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Location: San Antonio, Texas, United States

Sunday, November 02, 2008

"The March of Death"

The study of history is one of my favorite pastimes. I love to bury my nose in a well-written biography of influential men and women of the past or read accounts of famous battles, events and ideas that have shaped society. In short, I love history.

One of the greatest delights, privileges and challenges I have experienced these past few years is the opportunity to instruct John in the subject of history. It has been a growing experience for both of us as I seek to impart my love for the study of the past and its effect on our future, while he bears with my faltering attempts at teaching. Poor guy, he's had to be my guinea pig in many areas, but I think he'll manage to survive. At least I hope he will . . .

Recently, after studying the French and Indian War, John wrote a poem about the defeat of the British under General Braddock during the first major battle of the war. I thought I would share it with you as it gives a poetic picture of the challenges and crushing defeat of the conflict, while remembering George Washington's heroic leadership amidst the death and destruction.


The March of Death

By: John Horn

Well I was there in '55,
When Braddock took his little march,
Across the wooded mountain tops,
Into the land of forest pines.

I said good-bye to friend and foe,
When our long column wound away,
from human life, the last dark fort,
That barred the French from colonies.

And after that, I didn't think,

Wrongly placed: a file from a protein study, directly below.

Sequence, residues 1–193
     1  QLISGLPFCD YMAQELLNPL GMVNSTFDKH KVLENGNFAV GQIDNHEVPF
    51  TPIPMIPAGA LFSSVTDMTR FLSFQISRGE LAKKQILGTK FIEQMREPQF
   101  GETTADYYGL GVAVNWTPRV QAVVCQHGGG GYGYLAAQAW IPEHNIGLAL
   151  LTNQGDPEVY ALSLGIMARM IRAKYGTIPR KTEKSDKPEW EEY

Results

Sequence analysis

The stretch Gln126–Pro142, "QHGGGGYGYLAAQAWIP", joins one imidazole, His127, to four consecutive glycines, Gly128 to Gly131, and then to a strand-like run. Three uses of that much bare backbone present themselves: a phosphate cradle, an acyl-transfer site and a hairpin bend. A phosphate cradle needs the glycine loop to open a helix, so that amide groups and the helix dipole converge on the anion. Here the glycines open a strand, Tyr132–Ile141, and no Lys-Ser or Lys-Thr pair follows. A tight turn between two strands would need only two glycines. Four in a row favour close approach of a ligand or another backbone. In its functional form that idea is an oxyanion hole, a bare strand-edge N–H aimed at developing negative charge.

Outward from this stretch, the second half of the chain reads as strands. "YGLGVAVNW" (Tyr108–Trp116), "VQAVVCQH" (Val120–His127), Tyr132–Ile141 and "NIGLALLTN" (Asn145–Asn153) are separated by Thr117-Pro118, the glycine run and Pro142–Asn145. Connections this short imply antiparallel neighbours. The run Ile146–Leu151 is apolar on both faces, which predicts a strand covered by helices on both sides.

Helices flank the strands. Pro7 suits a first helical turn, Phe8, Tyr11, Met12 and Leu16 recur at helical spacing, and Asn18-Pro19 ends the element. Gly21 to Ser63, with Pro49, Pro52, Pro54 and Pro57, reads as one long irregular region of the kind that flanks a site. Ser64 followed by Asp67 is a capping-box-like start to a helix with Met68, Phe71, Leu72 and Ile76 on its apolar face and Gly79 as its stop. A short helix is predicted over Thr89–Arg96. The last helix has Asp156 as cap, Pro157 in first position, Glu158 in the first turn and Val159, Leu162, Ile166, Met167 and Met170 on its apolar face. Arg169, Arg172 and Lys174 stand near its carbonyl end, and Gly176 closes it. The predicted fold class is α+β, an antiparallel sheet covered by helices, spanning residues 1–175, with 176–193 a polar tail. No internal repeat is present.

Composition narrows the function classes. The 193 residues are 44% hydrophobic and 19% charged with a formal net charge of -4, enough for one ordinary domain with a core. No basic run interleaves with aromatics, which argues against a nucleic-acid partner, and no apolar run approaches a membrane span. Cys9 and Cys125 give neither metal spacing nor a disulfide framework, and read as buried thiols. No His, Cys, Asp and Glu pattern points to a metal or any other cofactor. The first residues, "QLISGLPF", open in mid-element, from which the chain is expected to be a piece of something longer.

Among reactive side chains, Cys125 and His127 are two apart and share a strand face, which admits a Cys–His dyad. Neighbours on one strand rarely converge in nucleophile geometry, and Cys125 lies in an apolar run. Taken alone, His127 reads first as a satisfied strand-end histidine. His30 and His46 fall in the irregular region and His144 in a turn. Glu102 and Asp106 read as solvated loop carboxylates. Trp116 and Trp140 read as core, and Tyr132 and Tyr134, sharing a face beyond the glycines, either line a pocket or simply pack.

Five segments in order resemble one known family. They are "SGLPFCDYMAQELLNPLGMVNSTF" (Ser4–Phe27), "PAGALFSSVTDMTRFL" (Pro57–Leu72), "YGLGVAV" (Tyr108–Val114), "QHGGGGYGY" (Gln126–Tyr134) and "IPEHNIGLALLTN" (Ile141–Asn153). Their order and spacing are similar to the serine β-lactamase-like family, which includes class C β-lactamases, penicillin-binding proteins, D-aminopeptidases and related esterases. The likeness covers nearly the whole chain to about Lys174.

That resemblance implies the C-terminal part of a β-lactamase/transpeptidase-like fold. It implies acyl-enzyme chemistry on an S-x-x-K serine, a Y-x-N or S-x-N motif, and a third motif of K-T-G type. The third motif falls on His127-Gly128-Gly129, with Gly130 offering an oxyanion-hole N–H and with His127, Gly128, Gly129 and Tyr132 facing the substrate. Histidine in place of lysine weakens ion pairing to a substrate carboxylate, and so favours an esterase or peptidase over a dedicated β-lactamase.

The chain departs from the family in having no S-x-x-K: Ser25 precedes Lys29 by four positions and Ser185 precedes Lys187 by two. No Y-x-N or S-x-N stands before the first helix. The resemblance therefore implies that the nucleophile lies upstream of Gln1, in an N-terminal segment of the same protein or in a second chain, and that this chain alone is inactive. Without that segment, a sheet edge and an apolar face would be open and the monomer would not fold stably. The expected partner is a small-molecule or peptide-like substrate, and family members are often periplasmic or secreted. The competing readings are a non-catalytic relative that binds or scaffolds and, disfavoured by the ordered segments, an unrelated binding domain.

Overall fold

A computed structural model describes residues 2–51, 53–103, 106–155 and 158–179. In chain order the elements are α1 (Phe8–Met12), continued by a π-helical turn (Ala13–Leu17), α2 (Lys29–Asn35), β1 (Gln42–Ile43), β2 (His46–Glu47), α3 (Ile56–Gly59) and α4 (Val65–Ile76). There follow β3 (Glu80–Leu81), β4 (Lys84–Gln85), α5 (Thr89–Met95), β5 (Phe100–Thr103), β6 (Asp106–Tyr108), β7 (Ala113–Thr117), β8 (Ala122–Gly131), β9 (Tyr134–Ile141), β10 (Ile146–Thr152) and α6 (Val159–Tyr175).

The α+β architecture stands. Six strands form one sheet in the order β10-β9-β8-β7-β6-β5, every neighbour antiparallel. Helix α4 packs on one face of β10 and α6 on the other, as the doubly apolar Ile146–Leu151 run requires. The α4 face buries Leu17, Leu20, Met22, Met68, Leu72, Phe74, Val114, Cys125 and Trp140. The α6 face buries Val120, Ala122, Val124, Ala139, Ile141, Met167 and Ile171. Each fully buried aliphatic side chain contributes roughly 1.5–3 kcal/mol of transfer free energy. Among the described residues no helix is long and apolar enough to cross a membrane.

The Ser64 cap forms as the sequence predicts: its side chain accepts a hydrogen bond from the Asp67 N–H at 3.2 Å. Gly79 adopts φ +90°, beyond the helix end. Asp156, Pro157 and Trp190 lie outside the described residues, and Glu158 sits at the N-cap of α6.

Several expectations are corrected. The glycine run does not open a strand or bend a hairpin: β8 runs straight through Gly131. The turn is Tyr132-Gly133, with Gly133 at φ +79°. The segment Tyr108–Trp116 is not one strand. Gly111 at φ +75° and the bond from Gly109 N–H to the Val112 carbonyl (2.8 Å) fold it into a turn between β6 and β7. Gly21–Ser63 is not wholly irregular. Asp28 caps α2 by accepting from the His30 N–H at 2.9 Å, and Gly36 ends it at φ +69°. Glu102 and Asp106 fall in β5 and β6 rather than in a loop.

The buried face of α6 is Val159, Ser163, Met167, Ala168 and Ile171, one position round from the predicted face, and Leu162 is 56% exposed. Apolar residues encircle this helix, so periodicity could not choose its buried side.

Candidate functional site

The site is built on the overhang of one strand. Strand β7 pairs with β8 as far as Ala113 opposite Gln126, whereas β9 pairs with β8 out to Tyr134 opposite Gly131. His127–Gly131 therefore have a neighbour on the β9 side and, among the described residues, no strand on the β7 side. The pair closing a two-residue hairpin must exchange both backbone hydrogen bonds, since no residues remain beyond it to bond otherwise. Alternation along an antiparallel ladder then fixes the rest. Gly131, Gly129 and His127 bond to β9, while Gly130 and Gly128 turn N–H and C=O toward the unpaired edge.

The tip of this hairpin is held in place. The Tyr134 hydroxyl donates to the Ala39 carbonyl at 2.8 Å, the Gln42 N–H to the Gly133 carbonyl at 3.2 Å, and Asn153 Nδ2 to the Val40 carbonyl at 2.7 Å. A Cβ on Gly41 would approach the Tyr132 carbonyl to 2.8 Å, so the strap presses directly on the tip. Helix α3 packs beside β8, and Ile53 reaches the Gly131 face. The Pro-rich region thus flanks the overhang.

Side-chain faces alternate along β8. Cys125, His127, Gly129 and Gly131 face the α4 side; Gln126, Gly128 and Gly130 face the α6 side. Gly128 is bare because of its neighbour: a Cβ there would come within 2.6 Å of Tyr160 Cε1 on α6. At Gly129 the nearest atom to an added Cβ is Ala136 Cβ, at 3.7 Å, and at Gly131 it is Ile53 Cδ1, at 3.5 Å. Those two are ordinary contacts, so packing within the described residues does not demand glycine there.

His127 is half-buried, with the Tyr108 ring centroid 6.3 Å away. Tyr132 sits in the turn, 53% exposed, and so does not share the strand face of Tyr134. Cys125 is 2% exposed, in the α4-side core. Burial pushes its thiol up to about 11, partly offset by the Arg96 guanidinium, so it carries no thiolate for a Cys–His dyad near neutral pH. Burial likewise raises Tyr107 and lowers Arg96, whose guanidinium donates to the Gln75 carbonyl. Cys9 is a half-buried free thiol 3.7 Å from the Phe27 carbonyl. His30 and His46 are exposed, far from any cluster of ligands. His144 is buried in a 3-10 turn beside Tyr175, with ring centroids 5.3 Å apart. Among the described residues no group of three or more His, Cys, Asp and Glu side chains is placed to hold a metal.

About the step our general took,
Or all the risks that 'bout us were,
Because all day I felled those trees.

All day, all day, we labored there,
In coats and jackets brilliant red,
As scarlet as good Rahab's thread,
With sweat a-pouring down our backs.

For us 'twas chop and chop and crash,
Another tree down o'er the road,
Another giant felled at last,
That barred us from the Frenchman foe.

And so we struggled through the wild,
And cut through it a merry path,
Of rotting trees, and rotten leaves,
And graves they too were there.

And then one day it all happened,
The day that I will ne'er forget,
The day that all of Satan's realm
Broke loose on earth in one foul storm.

The bullets cut the twigs in two,
They cut our hats from off our heads,
And cut so many a soldier too,
Like he had cut a giant tree.

The war-whoop broke from every bush,
The Frenchman's gun sent bullets close,
Our officers as well as men,
Fell to the shower of burning lead.

How did I get away from there?
From fiends holding guns?
I followed good old Washington,
Not then as old as he is now.

Who led those who still were alive,
Away from Duquesne’s cruel demons,
And back to life, to human life,
A thing which fled from many a man.

But let us think of those dear men,
Who fought for king, for human life,
And lost their own, my fellow friends,
The men who died in Braddock's march.


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